There’s already talk of a post-coronavirus baby boom and this latest recommendation could see numbers climb even higher.
No Scalpel Vasectomy Australia (NSVA) the peak body for vasectomy providers and practices in Australia, has recommended, at this time, the cessation of all office-based vasectomy services.
The organisation says, in a statement, that although office-based vasectomy services use only minimal PPE and could be an important health service at this time, it’s important to consider the wider community care and safety considerations.
They state that vasectomies are a minor elective procedure which should be performed under local anaesthetic as an office-based procedure, which minimises the use of essential PPE.
“In the Covid-19 pandemic climate delivering vasectomy services may be seen as a very important health service by some couples as an option for family planning and contraception,” NSVA says.
“Similarly, in an economic sense, for providers and associated organisations it may be seen as an important income stream to maintain financial and operational sustainability.
“On the other hand, vasectomy services, unlike abortion care, are not ‘Category 1’ or emergency surgery and financial imperatives should not override community care and safety considerations.”
The NSVA’s decision was also based on the requirement for face-to-face contact, which could increase the risk of transmission.
“Vasectomy, especially being a permanent method of contraception, requires counselling. This usual face-to-face pre-operative counselling significantly increases the risk of Covid-19 transmission,” NSVA says.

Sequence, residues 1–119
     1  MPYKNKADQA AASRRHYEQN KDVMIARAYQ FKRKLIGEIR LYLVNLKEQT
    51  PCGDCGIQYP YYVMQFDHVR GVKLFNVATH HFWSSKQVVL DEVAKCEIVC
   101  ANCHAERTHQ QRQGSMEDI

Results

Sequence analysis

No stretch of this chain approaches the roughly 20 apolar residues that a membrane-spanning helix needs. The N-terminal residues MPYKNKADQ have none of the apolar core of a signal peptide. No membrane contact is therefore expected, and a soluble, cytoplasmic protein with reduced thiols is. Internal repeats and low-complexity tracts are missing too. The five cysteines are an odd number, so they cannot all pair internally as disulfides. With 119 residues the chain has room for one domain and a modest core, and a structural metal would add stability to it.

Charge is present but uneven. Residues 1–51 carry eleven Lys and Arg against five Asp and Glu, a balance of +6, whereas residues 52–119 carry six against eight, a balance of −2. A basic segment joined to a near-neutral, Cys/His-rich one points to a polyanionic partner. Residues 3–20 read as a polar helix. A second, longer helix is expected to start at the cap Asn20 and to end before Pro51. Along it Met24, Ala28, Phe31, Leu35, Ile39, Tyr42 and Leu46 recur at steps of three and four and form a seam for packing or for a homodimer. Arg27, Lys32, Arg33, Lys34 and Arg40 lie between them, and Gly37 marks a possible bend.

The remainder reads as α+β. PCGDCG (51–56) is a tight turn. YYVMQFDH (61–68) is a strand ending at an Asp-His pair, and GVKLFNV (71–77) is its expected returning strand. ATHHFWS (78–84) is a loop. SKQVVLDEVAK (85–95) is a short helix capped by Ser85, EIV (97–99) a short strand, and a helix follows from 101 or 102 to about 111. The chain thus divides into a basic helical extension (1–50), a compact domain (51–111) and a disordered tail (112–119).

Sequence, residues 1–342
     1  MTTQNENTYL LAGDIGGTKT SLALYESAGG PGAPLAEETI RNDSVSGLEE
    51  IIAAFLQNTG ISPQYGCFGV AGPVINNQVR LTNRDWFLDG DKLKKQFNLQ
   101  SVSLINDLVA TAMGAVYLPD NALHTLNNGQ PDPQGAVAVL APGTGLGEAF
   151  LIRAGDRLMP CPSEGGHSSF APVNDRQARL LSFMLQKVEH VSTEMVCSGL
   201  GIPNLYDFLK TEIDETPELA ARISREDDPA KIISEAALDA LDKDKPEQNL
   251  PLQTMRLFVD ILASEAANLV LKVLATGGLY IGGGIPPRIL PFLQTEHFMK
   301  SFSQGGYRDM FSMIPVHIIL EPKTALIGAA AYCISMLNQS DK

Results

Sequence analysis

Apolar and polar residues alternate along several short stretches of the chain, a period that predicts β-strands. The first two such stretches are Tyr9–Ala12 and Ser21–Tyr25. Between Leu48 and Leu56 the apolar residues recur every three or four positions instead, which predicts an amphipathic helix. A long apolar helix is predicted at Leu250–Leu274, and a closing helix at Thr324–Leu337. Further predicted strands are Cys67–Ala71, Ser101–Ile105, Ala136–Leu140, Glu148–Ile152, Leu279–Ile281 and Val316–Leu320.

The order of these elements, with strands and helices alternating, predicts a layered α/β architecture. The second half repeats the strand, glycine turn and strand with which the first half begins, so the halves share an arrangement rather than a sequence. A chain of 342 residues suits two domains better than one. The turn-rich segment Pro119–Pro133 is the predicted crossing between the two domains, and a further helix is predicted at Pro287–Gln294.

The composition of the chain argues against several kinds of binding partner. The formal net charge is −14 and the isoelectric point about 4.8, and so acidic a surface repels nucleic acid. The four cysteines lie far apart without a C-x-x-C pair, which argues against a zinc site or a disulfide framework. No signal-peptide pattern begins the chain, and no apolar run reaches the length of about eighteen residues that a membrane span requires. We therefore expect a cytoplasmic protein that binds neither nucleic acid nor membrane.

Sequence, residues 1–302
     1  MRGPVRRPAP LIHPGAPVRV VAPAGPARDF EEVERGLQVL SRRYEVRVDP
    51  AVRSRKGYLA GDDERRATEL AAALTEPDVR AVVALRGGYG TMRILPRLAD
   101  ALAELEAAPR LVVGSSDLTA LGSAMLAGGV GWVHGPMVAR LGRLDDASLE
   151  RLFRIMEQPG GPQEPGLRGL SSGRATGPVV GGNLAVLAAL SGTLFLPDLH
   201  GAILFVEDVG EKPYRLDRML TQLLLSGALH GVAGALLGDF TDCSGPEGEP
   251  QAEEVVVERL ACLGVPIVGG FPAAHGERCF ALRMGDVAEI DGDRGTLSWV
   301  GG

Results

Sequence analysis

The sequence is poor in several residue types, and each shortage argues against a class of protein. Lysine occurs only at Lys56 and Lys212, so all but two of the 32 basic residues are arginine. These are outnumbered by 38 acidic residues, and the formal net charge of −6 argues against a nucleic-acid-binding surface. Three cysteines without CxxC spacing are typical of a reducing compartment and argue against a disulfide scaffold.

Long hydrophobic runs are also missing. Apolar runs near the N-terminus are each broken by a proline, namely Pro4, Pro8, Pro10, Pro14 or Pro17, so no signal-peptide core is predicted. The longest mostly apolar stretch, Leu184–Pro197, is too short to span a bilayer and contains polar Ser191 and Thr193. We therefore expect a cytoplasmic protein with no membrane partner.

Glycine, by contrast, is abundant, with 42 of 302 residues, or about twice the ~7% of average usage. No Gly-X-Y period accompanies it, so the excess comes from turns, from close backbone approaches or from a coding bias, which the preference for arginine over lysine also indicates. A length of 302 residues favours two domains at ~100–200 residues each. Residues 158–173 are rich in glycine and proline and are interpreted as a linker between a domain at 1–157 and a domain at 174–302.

“The vasectomy process involves reception staff who need to be protected with a degree of PPE [and] the operation including the setup and post-operative phases involves, at a minimum, contact with the doctor and possibly a nurse.”
What if you do fall pregnant? Is there a risk at this time?
The good news, according to obstetrician Dr Brad Robinson, is that, from what we know so far about coronavirus, there is no increased risk for pregnant women and their unborn babies.
“The bulk of the research done so far is from a group of 19 women who were pregnant and delivered in China.
“What was found was that there was no increased risk of miscarriage, there was no increased risk of stillbirth and there was no risk of vertical transmission of the virus from the mother to the baby.”
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